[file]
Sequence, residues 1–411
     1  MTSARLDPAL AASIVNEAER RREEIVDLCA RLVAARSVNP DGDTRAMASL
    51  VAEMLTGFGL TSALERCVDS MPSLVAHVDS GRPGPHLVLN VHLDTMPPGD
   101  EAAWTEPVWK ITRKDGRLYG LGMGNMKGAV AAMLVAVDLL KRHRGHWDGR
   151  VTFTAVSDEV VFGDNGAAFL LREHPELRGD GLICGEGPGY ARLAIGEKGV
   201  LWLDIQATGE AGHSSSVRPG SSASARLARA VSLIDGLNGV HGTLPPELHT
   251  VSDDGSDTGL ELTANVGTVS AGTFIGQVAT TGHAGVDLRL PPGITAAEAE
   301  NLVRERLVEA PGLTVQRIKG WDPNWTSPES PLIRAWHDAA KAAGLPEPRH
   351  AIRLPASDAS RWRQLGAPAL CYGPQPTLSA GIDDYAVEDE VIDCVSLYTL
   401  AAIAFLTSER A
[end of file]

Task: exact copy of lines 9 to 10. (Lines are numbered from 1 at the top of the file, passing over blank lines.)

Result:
   351  AIRLPASDAS RWRQLGAPAL CYGPQPTLSA GIDDYAVEDE VIDCVSLYTL
   401  AAIAFLTSER A